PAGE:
Image captured by Hatm0nster
The “next-generation” of gaming has been here for about a year now, which I suppose makes it “current gen” now. Aside from a few games that have been set to run at 60fps, it really hasn’t felt the monumental arrival of the Next Generation of Gaming that we thought it was going to be has it? Then again, what exactly were we expecting the next generation of gaming to look like anyway? It would have better graphics of course, and better frame rates but I always felt like there was going to be more to it…somehow. I wasn’t sure what exactly was going to make the next gen feel different, but with the release of Dragon Age: Inquisition I think I’m finally getting an idea.
Dragon Age: Inquisition has a tie-in site called DragonAgeKeep.com, which enables users to choose set up their own custom world state to bring into the game. It’s similar to the motion comic that accompanied the PS3 version of Mass Effect 3, which allowed players who didn’t have save data from the previous games to still make the important choices. What really makes the Dragon Age Keep a step beyond the likes of that motion comic is just how much it allows you do with the world states you save. Not only can you make decisions and port them to your game, but you make multiple states and save favorites, and even share them out among your friends. They’re features that save states have enabled on PCs (consoles if you have the right tools and knowhow) for several years now, but this is the first time we’re seeing this kind of functionality made officially part of a game. It’s not an incredibly dramatic feature but I’m thinking it’s a forerunner to the kinds of features we can expect to see from future games on Xbox One and PS4. I don’t know if this is available to the last generation versions also, but even if it is I’d still call it a next generation feature simply because we haven’t really seen its like before.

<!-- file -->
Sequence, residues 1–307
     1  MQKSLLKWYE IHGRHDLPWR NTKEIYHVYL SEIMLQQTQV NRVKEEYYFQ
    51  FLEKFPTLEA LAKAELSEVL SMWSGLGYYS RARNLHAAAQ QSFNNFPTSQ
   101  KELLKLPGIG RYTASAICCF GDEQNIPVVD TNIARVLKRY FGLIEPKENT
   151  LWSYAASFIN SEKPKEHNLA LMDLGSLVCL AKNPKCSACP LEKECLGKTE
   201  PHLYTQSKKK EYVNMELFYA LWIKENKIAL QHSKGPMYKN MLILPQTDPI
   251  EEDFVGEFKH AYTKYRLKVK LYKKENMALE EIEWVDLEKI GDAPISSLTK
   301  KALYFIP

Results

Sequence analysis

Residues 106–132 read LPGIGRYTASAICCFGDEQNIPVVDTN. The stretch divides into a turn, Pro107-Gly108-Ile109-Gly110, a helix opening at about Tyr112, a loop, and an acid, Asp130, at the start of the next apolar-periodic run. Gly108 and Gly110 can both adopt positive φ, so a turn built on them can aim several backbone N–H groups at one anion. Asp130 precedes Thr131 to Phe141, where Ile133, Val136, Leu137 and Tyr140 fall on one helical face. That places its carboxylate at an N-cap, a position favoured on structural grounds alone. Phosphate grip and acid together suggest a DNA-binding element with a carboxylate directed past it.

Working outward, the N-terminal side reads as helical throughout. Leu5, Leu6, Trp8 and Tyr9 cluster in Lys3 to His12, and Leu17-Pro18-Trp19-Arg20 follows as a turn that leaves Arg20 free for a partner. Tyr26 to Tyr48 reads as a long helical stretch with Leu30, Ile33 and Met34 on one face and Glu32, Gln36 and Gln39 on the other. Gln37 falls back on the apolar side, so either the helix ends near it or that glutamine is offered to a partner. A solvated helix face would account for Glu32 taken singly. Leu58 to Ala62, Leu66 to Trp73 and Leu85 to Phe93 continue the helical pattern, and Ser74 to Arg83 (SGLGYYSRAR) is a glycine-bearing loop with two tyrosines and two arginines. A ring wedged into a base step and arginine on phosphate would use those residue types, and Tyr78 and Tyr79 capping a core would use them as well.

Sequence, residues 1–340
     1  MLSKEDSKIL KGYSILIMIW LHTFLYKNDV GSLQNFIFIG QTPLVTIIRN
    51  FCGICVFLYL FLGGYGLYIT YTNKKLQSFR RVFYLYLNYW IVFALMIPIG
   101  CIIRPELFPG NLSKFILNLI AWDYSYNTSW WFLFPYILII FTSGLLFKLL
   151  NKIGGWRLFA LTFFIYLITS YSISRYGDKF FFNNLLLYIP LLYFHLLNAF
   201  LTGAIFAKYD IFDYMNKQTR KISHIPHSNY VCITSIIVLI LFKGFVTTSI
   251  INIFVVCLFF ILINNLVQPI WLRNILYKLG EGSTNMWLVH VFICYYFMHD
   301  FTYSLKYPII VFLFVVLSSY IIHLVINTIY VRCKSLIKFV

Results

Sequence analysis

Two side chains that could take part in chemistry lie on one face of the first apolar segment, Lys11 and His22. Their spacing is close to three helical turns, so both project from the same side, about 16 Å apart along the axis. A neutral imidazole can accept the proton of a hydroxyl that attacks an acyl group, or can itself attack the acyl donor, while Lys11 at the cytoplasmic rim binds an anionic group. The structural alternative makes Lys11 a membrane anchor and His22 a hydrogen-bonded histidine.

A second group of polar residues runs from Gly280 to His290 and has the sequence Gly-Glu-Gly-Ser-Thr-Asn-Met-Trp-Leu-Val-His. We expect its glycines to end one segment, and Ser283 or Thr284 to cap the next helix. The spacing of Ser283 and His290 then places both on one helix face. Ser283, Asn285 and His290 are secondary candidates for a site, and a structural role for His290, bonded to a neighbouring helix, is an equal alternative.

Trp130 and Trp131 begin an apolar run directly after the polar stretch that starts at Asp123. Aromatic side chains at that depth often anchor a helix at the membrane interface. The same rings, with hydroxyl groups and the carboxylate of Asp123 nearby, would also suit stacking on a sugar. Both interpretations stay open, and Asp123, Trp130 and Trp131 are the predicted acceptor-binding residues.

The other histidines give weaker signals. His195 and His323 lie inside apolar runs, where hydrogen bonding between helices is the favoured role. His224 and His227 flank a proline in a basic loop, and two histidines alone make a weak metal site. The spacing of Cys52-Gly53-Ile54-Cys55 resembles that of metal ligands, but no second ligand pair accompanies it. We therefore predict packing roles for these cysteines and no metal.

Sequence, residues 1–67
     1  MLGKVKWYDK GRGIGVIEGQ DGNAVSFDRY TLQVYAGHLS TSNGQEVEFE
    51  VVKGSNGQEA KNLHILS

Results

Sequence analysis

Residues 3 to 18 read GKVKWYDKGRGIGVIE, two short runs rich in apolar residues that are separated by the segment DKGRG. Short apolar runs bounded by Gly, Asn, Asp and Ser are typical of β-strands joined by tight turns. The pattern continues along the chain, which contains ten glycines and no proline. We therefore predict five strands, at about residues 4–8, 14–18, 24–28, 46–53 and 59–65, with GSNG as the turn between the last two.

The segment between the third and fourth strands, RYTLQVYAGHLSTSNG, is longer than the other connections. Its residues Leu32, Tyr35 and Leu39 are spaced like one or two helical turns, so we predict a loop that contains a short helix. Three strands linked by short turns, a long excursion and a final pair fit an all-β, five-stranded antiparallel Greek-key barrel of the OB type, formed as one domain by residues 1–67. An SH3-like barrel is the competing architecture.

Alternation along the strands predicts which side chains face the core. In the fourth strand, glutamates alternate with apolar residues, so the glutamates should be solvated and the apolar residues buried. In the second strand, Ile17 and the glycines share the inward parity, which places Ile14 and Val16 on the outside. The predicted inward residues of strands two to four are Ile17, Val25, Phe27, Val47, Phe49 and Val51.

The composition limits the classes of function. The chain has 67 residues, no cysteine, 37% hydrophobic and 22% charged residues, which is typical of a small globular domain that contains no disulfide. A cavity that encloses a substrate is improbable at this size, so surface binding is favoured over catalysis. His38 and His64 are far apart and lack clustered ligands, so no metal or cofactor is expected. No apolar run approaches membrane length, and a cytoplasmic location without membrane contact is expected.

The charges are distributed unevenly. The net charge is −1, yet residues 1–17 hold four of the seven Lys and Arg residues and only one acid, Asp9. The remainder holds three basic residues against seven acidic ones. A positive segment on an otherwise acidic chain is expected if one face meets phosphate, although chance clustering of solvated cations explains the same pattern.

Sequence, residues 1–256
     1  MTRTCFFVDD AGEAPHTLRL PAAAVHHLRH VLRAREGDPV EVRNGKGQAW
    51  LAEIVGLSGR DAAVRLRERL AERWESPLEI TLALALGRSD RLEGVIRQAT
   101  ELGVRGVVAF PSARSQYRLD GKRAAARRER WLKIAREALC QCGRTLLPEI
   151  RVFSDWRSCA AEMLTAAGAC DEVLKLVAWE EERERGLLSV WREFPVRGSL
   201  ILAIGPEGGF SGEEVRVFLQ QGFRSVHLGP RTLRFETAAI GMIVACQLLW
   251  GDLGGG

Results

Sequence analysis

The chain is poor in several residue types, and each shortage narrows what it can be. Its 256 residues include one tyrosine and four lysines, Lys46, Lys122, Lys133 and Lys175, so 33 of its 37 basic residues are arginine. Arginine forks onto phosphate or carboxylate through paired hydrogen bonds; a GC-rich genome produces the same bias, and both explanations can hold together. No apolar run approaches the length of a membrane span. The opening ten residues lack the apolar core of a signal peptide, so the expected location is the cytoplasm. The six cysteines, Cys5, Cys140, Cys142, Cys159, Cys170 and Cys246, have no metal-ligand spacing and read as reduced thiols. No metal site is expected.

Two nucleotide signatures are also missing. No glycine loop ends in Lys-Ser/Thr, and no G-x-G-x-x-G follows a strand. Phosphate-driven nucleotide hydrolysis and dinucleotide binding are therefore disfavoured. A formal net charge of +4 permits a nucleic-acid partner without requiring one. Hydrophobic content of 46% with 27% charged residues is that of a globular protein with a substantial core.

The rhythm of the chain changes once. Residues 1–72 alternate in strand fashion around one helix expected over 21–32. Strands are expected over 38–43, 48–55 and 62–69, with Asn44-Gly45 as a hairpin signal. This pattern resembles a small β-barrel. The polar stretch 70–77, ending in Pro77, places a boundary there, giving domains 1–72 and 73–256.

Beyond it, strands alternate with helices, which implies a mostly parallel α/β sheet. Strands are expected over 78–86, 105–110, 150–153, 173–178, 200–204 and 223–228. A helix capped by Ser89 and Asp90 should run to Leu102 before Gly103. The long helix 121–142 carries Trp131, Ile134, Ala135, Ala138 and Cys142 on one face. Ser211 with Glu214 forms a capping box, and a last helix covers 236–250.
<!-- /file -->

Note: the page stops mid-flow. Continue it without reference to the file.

Better graphics and frame rates are nice, but now that I’ve seen it I realize that is this kind of expanded functionality that’s going to come to define this new generation of games more than will ever be able to.
What do you think sets this next generation apart from that which came before? Where should they go from here?